For this edition of Imagining Islamic Aesthetics, I would like to touch on the topic of Indo-Saracenic Revival Architecture.
This topic may not directly touch the subject of Islamic Art and Architecture, but rather more to see the impact of Islamic aesthetics to non-Muslim or non-Arab cultures, as we can see with the past topic of Islamic influences of Christian art.
The Indo-Saracenic Revival Architecture, also known as Indo-Gothic or Mughal Gothic is a style devised by British Architects in the late 19th Century in British India. It combines Mughal or Islamic Indian architecture with Gothic Revival which is then in favour in Victorian British. this style is most prevalent in India, Bangladesh and Pakistan, but examples are also found in Great Britain itself, as well as Malaysia.
Rose Garden Mansion in Dhaka, in Bangladesh. You can see the arches that echoes the arches of Mughal Architecture. you can also see the usage of domes, though it looks more European rather than Arabic or Islamic.
Victoria Memorial Hall in Kolkata, India. Even though the building is heavy on the European, Gothic Revival style, it still showcases some characteristics that makes it one of the example of Indo-Saracenic Revival Architectural style. The four corner towers display onion shaped domes, There is an Iwan with European details, and the whole building is almost similar in plan to the famous Taj Mahal, complete with its white marble.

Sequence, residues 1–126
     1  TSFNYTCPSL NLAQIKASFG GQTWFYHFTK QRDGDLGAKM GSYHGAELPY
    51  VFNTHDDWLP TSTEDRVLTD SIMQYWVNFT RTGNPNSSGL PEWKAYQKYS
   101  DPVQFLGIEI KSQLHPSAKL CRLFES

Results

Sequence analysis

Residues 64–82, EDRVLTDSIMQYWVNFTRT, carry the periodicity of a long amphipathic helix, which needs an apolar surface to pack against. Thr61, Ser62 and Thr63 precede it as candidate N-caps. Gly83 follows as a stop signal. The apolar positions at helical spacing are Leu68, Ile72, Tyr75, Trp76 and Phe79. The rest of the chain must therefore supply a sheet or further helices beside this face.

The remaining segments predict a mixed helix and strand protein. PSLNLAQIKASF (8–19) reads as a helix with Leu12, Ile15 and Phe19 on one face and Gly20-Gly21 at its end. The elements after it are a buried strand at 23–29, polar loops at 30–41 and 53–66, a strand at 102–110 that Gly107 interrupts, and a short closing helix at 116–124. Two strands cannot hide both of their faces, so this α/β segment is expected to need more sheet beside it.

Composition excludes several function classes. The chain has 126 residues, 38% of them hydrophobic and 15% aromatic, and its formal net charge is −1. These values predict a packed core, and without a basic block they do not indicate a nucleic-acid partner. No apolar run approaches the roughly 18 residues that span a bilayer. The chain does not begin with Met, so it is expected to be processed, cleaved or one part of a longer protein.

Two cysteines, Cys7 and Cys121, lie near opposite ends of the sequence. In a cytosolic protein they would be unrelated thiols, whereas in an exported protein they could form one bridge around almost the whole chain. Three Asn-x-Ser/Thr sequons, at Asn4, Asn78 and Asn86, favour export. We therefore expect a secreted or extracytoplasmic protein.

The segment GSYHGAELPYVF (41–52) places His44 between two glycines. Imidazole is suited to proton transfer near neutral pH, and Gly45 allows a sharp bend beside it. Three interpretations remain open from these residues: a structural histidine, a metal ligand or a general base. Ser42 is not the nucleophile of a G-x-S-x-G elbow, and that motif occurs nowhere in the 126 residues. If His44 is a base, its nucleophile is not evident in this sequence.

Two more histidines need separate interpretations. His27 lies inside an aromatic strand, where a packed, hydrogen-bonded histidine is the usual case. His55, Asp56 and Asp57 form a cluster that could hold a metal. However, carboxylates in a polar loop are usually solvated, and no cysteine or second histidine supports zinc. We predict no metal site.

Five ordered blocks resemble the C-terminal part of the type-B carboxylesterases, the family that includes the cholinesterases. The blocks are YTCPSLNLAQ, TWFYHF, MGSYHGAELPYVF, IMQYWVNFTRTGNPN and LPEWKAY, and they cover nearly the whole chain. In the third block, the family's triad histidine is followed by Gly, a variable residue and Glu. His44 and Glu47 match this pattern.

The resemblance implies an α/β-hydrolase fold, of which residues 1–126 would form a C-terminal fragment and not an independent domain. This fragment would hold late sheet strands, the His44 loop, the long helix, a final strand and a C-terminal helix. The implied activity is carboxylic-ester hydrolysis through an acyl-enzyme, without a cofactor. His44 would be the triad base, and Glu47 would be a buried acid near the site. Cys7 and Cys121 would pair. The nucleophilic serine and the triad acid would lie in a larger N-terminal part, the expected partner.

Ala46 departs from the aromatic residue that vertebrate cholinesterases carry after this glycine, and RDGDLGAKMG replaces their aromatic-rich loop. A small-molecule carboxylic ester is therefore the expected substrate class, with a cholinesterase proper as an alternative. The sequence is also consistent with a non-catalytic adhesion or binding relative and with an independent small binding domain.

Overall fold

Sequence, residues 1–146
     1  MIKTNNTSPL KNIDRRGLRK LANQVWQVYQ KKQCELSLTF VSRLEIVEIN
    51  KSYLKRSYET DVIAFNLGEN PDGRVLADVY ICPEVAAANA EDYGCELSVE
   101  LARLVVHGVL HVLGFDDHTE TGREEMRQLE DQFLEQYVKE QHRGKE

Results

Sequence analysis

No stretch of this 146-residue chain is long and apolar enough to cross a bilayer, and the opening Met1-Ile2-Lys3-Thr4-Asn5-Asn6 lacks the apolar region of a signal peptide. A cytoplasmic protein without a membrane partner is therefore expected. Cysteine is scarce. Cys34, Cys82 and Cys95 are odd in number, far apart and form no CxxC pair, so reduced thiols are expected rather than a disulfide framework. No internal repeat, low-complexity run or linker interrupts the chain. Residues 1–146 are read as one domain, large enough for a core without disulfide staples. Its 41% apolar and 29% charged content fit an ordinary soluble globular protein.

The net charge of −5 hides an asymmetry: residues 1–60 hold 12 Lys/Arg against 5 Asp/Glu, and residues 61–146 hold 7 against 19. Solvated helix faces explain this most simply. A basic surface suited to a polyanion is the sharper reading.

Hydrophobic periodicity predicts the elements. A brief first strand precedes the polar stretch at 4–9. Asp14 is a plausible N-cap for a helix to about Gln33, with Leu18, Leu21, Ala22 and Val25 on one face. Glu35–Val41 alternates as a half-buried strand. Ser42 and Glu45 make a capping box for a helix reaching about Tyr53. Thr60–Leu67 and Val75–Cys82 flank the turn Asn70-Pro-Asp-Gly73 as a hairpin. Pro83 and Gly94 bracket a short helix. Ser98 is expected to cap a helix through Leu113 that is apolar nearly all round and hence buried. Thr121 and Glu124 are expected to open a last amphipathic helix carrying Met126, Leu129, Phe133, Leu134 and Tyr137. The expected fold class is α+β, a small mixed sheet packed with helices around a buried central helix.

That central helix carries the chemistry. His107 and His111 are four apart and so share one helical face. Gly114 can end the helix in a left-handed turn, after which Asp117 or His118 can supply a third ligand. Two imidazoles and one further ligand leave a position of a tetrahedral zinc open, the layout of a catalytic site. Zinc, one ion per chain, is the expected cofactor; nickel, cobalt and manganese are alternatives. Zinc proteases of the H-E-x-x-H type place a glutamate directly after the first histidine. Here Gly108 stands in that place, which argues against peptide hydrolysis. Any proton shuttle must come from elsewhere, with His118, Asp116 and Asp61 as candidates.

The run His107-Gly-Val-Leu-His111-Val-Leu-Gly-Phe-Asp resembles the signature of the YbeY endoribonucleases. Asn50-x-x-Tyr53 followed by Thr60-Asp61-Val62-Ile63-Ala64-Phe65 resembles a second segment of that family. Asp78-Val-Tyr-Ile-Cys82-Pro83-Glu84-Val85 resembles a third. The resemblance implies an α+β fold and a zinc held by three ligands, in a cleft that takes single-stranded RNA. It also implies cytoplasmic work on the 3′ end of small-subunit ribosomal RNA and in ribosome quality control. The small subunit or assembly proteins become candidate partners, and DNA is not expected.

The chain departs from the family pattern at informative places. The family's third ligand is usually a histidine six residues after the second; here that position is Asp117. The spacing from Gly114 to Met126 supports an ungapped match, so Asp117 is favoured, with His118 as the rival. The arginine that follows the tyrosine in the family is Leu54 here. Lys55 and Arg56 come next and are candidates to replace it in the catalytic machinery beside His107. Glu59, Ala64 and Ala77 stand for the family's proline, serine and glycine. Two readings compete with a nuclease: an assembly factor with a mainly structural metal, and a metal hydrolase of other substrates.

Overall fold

Lahore Museum in Lahore, Pakistan. The building may pass as a Mughal Architecture example, however some characteristic makes it Indo-Saracenic. The fact that it was built in the 19th century, it also uses a typical Gothic Revival floorplan, as well as the domes used (particularly the larger ones) have European details.
The North Gate of the Royal Pavilion, Brighton, Great Britain. The gate and the building itself displays clear influences of Mughal Architecture, albeit quite exaggerated. This is one example of the obsessions of the Western world towards Eastern culture, or more specifically, Orientalism.
Sultan Abdul Samad building, Merdeka Square, Kuala Lumpur, Malaysia. The brickworks are typical in European architecture, as well as the ornamentations . However the arches are clearly influenced by Islamic architecture.